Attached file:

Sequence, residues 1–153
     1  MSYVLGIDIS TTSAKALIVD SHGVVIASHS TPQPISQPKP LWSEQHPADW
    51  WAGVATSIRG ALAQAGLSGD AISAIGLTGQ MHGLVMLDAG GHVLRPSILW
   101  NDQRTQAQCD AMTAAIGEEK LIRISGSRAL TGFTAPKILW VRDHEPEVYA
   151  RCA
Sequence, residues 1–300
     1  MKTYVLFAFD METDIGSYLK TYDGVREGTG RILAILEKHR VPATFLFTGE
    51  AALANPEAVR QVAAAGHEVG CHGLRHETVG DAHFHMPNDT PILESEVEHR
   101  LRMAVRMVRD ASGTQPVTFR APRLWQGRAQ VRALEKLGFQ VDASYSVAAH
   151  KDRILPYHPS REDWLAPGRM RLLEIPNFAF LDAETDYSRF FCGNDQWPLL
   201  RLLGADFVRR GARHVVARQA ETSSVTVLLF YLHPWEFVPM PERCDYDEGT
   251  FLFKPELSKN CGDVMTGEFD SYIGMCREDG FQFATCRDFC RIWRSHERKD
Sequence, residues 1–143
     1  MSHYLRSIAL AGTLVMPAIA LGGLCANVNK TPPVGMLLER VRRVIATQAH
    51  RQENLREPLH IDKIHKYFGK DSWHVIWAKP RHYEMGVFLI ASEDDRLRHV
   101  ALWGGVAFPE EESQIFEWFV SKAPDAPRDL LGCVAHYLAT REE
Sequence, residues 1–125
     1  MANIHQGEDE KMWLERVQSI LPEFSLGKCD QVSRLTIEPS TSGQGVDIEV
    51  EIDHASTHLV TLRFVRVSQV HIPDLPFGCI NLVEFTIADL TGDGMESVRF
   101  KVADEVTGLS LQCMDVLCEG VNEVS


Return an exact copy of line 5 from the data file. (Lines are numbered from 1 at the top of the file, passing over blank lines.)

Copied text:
   151  RCA